My arrival in Aviemore may have been heralded by soggy conditions, but the following morning was stellar. I woke early and rode the lovely trails of the Rothiemurchus for a while, drinking in my favourite forest. I’ve waxed lyrical (tried to) about this place before and you can still find a quiet spot early in the day to ‘listen to it breathe’.
I pointed the ECR south, now bent on a new plan I’d formulated over a potent and prodigious curry the previous night. Checking the weather carefully, it appeared the grim conditions to the west were now chasing me east and south. This system’s southerly course would last for the next week or so, with conditions filling in behind the front.
I would therefore try to keep ahead of it; enjoying relatively benign conditions while sewing together a route of bike paths and trails that would lead me ultimately to my front door. While the decision to leave Scotland saddened me a little, I’d had my fill of the weather and my trip now had a narrative.
With the forest full of birdsong, I headed south along NCN route 7 diverting onto fire road when the mood took me. I soon reached Kingussie which felt closed, more so Newtonmore.
I pushed on along the old A9 while the new road thundered by my side. To my right, rail enthusiasts enjoyed breakfast aboard a heritage train that matched my course and pace southwards. We exchanged cheery waves.
The road followed the course plotted by General Wade once more and dropped into Dalwhinnie – a malt whisky centre. Normally, I’d seek out a dram, but Dalwhinnie does little to excite my palette, a characteristic it shares with many-a-malt from these parts. Now if I were on Islay…
I reached the start of the bike path to Pitlochry, again on NCN Route 7. Signs warned me of the threat of wild weather on the pass of Drumochter, but conditions were kind today. The ride followed a great trail, dropping into small burn-filled valleys that helped to shroud the proximity of the road. My wild surroundings soon softened and I hit Blair Atholl where I stopped for soup and cake at the excellent Watermill Tea Room and, again, was stared at by tartan-hunting tourists.
Pitlochry soon appeared and I watched fly anglers work the River Tummel from the footbridge while fish jumped below my feet. After the town, the route followed undulating lanes and soon met the impressive River Tay which I crossed at Balnamuir and joined NCN Route 77.
Pretty Strath Tay to Dunkeld rolled under my wheels and, staying on Route 77, I pedalled quiet lanes to the outskirts of Perth where a pleasant riverside path delivered me to messy roads choked with impatient motorists.
I sighed and headed north on the other side of the river to the racecourse and pleasant camping for the night. I’d ridden just shy of 100 miles.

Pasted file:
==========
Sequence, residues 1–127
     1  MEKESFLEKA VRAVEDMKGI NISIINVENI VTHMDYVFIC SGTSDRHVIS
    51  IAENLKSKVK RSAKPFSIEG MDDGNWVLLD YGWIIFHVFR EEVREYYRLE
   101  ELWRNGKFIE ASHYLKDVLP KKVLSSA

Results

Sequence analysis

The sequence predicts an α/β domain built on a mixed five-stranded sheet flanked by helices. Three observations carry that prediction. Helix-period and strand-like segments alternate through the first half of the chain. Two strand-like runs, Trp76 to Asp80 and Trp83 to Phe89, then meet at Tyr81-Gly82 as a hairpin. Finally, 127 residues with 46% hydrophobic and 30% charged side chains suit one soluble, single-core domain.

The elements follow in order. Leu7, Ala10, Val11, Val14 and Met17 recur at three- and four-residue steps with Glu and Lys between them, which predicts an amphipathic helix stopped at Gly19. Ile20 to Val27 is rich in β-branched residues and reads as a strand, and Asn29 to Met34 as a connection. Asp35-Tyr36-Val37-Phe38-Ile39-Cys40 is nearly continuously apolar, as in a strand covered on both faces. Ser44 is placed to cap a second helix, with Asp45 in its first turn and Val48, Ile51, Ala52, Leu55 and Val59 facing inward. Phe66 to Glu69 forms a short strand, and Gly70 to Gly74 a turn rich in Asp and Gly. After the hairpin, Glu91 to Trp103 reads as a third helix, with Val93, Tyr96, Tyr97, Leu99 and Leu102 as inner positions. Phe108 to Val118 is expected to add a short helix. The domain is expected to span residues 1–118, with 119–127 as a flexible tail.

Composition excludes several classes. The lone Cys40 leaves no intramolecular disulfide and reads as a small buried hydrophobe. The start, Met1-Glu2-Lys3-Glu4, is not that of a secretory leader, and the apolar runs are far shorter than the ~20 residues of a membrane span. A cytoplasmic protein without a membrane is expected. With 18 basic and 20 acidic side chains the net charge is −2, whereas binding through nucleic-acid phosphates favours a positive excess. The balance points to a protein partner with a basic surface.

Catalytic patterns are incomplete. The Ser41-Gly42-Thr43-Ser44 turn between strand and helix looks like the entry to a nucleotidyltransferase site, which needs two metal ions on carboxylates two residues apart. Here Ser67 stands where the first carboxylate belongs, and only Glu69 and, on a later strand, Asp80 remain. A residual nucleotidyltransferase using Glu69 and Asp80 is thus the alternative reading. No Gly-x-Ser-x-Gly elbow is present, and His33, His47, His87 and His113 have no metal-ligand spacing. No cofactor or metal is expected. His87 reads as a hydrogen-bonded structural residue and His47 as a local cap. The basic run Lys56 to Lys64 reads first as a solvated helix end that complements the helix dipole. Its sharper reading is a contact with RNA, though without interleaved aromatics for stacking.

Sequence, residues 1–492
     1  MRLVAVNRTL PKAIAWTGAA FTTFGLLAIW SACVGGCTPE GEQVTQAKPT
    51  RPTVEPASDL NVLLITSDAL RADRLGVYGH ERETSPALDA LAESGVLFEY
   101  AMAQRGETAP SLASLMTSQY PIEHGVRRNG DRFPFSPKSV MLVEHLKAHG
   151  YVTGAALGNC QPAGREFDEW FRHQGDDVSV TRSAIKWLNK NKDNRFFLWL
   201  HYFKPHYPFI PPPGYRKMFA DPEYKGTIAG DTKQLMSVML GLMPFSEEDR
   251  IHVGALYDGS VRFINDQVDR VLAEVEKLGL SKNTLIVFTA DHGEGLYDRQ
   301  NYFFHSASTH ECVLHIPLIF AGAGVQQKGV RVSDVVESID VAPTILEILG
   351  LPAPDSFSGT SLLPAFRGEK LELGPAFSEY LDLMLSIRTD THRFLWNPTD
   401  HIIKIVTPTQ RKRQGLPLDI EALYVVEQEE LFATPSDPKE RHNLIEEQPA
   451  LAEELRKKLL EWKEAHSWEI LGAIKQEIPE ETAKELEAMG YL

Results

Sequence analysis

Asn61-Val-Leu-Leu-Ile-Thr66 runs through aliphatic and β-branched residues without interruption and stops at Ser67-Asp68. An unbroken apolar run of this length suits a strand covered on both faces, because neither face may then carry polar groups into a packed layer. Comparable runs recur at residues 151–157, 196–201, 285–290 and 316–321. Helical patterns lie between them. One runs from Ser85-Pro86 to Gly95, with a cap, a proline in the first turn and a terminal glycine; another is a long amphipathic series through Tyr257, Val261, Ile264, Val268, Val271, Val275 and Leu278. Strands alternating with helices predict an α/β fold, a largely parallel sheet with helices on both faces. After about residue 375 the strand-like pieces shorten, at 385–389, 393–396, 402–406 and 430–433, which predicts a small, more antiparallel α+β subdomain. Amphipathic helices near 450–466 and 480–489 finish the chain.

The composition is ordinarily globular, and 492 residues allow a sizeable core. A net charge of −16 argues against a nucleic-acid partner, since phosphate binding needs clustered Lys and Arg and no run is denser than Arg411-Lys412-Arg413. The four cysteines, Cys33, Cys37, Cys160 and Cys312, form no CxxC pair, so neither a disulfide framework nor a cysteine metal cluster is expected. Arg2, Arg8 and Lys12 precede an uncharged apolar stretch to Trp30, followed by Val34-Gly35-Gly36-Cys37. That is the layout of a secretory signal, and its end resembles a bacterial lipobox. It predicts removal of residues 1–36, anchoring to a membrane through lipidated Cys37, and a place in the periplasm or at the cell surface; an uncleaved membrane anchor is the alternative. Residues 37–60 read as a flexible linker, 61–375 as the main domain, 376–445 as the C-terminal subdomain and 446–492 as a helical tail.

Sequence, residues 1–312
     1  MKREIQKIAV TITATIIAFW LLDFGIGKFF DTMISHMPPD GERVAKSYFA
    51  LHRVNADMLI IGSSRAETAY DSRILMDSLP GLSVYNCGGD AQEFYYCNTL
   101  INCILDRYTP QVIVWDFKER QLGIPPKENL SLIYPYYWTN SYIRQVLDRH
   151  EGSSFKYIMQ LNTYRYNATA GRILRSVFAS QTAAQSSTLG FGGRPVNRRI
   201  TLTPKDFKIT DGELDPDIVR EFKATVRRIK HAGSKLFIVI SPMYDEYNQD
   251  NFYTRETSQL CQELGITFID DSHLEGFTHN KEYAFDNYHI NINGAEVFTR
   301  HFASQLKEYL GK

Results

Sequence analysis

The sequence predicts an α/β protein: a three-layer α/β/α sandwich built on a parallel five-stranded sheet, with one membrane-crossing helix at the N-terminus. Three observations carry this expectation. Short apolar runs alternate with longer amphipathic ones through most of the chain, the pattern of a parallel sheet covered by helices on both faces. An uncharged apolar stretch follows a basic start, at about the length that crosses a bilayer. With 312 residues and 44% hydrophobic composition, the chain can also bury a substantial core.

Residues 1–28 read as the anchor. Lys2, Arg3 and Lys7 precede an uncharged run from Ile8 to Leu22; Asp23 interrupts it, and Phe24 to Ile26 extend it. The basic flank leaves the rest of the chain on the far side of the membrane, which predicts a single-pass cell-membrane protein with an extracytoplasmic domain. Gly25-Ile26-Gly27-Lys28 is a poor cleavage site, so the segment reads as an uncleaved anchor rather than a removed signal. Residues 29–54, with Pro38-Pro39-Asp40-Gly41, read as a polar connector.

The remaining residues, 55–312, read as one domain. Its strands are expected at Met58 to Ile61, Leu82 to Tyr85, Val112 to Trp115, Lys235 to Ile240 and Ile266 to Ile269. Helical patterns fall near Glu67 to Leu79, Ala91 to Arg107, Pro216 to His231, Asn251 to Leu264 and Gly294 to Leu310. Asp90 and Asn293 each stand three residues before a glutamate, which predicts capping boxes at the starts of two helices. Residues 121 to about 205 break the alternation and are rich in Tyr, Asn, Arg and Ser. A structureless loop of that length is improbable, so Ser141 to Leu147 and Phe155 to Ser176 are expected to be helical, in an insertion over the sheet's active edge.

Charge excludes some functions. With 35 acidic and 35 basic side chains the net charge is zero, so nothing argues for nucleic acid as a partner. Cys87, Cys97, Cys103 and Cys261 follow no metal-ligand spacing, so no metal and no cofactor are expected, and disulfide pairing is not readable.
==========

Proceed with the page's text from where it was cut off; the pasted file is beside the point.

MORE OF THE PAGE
I slept heavily and shared conversation over breakfast with a motorcyclist from the Czech Republic. He had friends in Greater Manchester and I helped with regional-corrected pronunciations of place names he knew – ‘Orich’ not Hor-wich! He enjoyed this perhaps a little too much.
The day turned out to be a transitional stage. I followed Route 775 through rather bland country; gloomy Kinross barely registered in my consciousness before I joined Route 1 to Dumfernline. The day was saved somewhat by pedalling over the Forth Road Bridge. To my left the simply fantastic rail bridge, to my right the new road crossing. The scale of this massive engineering was both exhilarating and overpowering in equal measure.
Route 1 then plotted a confusing course through Edinburgh. Pretty as this city is, I didn’t delay and was soon escaping its clutches and wondering where to stay. After rather too much to-ing and fro-ing, I found a place to camp at Dalkeith. By luck rather than judgement, I had the great pleasure of eating at the nearby Sun Inn. I’m pleased they allowed me to dine in my shorts as this turned out to best meal I’d had in a long time. A very talented brigade work that kitchen and I recommend it highly if you ever find yourself in these parts.
The morning dawned bright and I felt strong after my substantial feast the previous evening. Slightly frustrated by yesterday’s haphazard navigation, I retraced my tyre marks and headed east along Route 196. This proved a good move as it led to the Pencaitland trail, a former railway bed that offered lovely, unhurried riding.
Lost in my thoughts, my crankset then started to creak. I stopped to inspect it and found a chainring bolt spinning, the outer having cracked. Bizarre. Fortunately, Mikes Bikes in Haddington came to the rescue: a top guy and a very nice (and busy) independent bike shop. Haddington residents, you are lucky to have such a thing.
I left the town heading east again and to the coast. Route 75 provides easy passage through these parts and I soon reached Dunbar on the Scotland Golf Coast (geddit?!) where I stopped for cake. This was no ordinary cake, though. My entrée of scone and cream was followed by a warmed muffin in a cup with cream, Nutella and a white chocolate spoon for good measure. These delights are available at Graze Coffee and Chocolate House. Again, it comes highly recommended.
From Dunbar, the route hugged the coast for a while and the A1 before cutting across a small headland to Eyemouth. Now on Route 76, I followed pretty quiet lanes only stopping at the border for a photograph. Now the route sparked memories of my coast to coast ride some years back and I dropped into Berwick on Tweed in search of a room for the night.